Young Member Hopes to Cure Her Own Illness
Published October 22, 2018
A hospital bed might not be where you'd expect to find a career revelation, but that’s where Ellie Zillfleisch, 14, discovered her love for STEM. She grew up in Julatten, a small, rural town in Queensland, Australia, home to just 1,000 people. At 11, doctors diagnosed her with Chronic Recurrent Multifocal Osteomyelitis (CRMO), a disease that develops bone lesions. CRMO affects 1 out of every 1,000,000 people.
"My bones look like honeycombs, which is kind of cool (even though it's painful)," says Ellie.
There is no standard treatment for CRMO. She started having symptoms when she was eight, and doctors routinely misdiagnosed her with rheumatoid arthritis, cancer, and osteomyelitis. Going to hospitals in big cities intimidated Ellie, who was used to her small town life.
After spending a month in a hospital in Brisbane, she started having acute anxiety attacks. Her fear of needles grew when she thought her IVs would fall out. To prove they’d stay in place, doctors let her take off the tape that held the tubes in place. Ellie thinks of this as her first foray into medicine.
“If I did not beat this disease, it would swallow me. I often thank those doctors in the hospital all those years ago, as now I am hoping to pursue medicine as a career and say, ‘I shattered this disease.’”
To overcome CRMO, Ellie found inspiration from the superhero, Green Arrow, whose superpower involves using trick arrows to stop bad things from happening and who often refers to this Russian proverb: “the shark that doesn't swim drowns.”
“If I did not beat this disease, it would swallow me," she told us. "I often thank those doctors in the hospital all those years ago, as now I am hoping to pursue medicine as a career and say, 'I shattered this disease.'”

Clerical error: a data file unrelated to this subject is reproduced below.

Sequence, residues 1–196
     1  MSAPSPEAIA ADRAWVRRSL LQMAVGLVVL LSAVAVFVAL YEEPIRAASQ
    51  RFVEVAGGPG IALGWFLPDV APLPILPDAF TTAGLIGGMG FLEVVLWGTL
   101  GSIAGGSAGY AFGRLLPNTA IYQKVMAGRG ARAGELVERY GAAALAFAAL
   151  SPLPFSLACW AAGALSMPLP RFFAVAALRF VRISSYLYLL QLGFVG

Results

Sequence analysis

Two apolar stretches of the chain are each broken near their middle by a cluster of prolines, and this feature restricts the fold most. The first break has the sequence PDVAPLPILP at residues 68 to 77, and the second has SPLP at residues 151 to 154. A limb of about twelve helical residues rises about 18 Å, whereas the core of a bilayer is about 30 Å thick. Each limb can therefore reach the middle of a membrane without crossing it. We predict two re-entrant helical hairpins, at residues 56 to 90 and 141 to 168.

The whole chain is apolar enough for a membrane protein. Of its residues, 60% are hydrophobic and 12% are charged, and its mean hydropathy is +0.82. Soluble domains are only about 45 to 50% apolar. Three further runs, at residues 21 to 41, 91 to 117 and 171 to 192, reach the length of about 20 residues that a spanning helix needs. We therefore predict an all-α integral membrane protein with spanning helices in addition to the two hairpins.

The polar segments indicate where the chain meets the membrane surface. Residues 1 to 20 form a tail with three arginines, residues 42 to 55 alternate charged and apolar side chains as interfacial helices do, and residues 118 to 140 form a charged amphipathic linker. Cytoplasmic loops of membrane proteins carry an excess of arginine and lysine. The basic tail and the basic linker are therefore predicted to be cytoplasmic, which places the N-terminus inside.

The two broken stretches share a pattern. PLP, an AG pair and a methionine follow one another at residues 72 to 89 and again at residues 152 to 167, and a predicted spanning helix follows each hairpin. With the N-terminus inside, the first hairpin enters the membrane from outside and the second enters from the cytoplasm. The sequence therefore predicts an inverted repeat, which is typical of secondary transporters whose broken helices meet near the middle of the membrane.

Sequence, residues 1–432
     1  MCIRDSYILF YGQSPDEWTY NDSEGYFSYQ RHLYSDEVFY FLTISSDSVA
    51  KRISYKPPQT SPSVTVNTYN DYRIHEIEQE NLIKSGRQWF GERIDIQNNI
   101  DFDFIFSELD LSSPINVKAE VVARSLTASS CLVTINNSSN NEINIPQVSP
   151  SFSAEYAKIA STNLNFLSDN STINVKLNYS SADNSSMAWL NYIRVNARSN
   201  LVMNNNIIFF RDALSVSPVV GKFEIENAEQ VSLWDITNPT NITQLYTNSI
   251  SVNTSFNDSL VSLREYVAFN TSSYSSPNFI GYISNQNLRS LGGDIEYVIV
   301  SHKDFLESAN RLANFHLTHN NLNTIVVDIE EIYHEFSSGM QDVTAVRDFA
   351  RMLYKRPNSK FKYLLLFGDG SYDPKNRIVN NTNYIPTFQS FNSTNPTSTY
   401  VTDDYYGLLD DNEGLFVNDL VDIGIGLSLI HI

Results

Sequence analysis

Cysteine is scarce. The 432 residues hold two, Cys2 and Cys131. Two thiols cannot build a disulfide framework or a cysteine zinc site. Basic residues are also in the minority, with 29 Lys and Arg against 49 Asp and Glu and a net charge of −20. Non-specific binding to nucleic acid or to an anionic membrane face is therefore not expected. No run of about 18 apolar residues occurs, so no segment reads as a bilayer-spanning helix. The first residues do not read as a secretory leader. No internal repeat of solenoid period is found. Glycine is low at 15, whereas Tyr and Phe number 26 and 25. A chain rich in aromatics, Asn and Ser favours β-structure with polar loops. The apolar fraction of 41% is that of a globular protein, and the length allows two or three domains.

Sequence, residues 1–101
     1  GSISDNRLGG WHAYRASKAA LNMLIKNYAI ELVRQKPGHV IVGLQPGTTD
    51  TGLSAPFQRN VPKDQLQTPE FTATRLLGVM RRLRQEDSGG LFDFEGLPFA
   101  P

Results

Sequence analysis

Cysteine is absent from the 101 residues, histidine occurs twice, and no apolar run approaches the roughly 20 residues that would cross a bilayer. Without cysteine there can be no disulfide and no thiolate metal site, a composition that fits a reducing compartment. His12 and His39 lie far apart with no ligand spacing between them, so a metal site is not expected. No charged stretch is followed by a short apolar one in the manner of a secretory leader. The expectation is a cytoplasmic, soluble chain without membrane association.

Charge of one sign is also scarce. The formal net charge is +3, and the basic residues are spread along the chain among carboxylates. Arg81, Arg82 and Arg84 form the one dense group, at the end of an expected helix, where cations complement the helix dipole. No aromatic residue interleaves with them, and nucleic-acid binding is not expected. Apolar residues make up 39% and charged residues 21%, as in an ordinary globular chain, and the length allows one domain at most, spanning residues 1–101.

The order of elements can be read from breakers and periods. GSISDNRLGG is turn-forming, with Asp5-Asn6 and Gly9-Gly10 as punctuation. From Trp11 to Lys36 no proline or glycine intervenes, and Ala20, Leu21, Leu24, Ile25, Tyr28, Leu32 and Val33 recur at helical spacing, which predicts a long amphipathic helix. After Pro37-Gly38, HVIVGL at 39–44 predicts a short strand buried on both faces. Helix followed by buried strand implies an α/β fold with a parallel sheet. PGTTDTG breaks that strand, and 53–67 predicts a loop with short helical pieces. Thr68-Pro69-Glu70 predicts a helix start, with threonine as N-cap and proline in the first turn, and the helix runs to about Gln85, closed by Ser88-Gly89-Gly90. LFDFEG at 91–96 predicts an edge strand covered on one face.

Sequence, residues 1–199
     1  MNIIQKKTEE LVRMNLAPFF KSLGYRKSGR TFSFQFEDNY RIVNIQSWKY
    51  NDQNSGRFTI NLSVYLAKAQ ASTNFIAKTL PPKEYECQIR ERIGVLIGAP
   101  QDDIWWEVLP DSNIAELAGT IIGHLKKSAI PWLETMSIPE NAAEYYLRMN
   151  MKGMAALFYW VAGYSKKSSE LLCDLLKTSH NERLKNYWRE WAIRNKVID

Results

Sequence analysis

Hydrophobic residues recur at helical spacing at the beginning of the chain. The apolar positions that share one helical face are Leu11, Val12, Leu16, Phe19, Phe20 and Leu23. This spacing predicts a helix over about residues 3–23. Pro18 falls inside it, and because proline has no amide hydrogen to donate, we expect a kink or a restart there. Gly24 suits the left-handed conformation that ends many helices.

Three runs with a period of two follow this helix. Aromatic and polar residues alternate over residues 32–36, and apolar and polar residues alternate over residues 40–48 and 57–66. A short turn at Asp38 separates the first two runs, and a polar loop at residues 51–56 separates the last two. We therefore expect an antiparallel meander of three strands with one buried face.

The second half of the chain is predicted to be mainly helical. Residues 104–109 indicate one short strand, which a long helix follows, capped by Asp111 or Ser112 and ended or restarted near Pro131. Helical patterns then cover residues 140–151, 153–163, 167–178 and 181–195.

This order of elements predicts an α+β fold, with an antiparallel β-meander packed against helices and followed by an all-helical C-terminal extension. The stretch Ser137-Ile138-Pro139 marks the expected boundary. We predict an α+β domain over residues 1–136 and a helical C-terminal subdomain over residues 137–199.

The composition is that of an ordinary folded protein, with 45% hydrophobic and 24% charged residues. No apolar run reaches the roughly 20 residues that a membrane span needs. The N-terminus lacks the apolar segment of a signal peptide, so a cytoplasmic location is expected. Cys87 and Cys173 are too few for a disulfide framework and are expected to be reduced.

Despite her chronic disease and small-town roots, she looks for every opportunity to get closer to her dream. Ellie heard about the New York Academy of Sciences’ 1000 Girls, 1000 Futures program from a friend who took part. When she realized a STEM mentor could give her the edge in college and her future career, she applied immediately.
Ellie felt overwhelmed when she started 1000 Girls, 1000 Futures. She wasn’t sure if she would have enough time to participate while staying on track with school and other extracurricular activities. Her mentor reassured her she was capable of completing all her tasks and taught her to balance her busy schedule. Ellie believes she improved her work-life balance by setting manageable goals for each day.
One of the opportunities 1000 Girls, 1000 Futures provided her was attending the Global STEM Alliance Summit in New York City. She received an all-expense paid trip to New York because she was picked as a “Mentee of the Month.” Mentors nominate students for this award for being active and exemplary participants.
Interacting with a global community of students has shown Ellie a world outside her own in Julatten. She even wants to attend college in the United States because she believes there are more opportunities for women in STEM there.
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